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How to connect a fiber optic cable in accordance to fire safety rules?

How to connect a fiber optic cable in accordance to fire safety rules?

There are several guidelines aimed at ensuring the proper quality of teletechnical infrastructure. Some of them concern, among others, fire safety. OPTOMER experts explain how to connect fiber optics to meet standards in this area.

Any indoor building installation (not just fiber optic) can pose a risk during a fire. The plastics used for cable production can burn in an uncontrolled manner and produce harmful compounds, as well as pungent smoke hindering evacuation. The purpose of any restrictions is to minimize this risk.

In Poland, there are appropriate restrictions on materials used in telecommunications. In particular, they refer to those used in buildings inhabited by people. The restrictions apply equally to all installations, including electrical and fiber optic. However, while in the first case the electrical installation itself can be the cause of the fire (e.g. as a result of a short circuit), this risk does not occur in the case of FTTH access networks.

WHAT CONDITIONS MUST BE FULFILLED BY FTTH NETWORK MATERIALS?

The restrictions are associated with:

  • Non-flammable cable coatings – however, a safer word would be flame retention. This means that the coatings will burn in the presence of fire, but will extinguish spontaneously when the source is removed. Also, melting material should not drip during a fire. This would pose a risk of burns during the evacuation proces.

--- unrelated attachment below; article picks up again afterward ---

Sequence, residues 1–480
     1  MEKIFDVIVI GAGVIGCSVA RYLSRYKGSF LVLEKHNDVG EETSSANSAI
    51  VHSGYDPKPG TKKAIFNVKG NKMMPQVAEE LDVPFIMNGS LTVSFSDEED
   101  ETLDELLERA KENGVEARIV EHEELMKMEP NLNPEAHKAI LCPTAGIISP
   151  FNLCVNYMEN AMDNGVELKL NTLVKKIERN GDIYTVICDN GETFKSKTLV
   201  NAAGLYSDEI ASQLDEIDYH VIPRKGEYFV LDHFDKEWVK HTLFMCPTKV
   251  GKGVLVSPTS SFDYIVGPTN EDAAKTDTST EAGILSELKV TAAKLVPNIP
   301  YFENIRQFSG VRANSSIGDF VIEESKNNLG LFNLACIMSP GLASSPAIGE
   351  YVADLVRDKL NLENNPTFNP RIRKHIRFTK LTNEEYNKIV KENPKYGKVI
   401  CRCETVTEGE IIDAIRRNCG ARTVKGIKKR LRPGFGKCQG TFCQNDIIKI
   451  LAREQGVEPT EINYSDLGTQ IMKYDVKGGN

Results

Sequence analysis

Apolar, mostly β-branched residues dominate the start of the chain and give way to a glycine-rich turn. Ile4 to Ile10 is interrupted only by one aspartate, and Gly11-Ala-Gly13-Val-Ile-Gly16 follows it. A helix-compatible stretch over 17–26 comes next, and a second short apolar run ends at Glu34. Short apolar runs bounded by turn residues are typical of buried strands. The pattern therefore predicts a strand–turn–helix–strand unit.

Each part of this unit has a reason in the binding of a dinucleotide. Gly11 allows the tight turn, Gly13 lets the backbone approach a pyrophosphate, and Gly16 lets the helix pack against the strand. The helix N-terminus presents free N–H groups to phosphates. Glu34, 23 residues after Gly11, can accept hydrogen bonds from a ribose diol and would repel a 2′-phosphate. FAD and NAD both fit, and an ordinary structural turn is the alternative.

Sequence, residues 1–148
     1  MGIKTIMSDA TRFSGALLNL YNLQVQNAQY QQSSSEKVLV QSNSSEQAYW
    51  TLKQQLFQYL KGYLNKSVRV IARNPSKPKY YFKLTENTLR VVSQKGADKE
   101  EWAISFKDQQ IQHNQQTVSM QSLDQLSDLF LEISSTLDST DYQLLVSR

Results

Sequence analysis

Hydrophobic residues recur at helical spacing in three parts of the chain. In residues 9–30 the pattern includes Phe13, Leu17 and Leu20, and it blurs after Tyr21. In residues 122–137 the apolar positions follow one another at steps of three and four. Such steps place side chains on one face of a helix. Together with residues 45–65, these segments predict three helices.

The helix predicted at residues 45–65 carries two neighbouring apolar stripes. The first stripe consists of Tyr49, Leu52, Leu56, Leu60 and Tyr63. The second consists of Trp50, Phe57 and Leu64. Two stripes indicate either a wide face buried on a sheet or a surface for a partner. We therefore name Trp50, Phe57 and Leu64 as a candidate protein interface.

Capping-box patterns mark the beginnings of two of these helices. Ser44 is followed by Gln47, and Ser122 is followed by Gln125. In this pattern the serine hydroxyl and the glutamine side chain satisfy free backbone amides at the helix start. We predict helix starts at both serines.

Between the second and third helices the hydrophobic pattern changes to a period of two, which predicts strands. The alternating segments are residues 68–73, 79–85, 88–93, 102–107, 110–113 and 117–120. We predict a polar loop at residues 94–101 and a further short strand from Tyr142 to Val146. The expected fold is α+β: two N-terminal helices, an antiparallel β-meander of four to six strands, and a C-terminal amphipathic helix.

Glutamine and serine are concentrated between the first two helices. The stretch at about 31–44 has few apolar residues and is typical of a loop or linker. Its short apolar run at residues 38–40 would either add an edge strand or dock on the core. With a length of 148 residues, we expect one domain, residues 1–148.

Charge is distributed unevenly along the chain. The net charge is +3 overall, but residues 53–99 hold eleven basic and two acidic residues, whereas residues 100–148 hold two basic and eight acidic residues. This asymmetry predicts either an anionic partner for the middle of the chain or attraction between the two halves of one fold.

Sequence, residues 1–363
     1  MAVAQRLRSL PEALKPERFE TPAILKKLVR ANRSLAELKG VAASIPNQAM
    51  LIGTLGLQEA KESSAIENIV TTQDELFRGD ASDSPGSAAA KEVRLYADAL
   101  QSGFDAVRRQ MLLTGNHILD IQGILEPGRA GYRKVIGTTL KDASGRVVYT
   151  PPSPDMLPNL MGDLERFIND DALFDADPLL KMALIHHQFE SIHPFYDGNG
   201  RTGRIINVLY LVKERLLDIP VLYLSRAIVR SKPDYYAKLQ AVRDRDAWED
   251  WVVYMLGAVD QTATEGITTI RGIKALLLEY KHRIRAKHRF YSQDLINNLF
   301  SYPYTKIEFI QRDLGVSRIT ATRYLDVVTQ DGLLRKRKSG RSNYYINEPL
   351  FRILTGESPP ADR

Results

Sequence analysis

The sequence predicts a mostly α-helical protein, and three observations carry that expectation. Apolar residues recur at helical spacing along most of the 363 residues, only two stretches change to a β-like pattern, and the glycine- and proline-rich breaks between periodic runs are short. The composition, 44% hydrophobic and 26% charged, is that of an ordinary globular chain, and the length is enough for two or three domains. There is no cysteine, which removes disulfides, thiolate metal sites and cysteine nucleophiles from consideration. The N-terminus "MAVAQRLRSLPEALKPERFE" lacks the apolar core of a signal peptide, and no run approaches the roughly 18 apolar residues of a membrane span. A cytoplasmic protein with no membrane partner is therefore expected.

• Generating pungent smoke – to not obstruct evacuation from a burning building, all materials used in the installation must not produce thick, pungent smoke.
  • Content of harmful compounds – some plastics emit hazardous substances that are harmful to humans during combustion. Such materials must not be used in indoor installations.

Information on LSZH properties is provided on the LC patchcord offered by OPTOMER

Therefore, indoor fiber-optic networks are fire safe as long as they are made of appropriate materials. Each of the elements used should be adapted to be installed inside residential buildings. Such elements are most often marked with the symbol LSZH, LSOH or LS0H which is the abbreviation (Low Smoke Zero Halogen) for producing small amounts of smoke and not containing harmful halogen.

When choosing the right components, one should first of all be guided by quality and pay attention to the technical data and material from which the products are made. It is advisable to use the services of proven, certified producers.

Articles from the Knowledge Center are created in cooperation with OPTOMER’s R&D Department. Our experts have been successfully training installers and public administration representatives for years!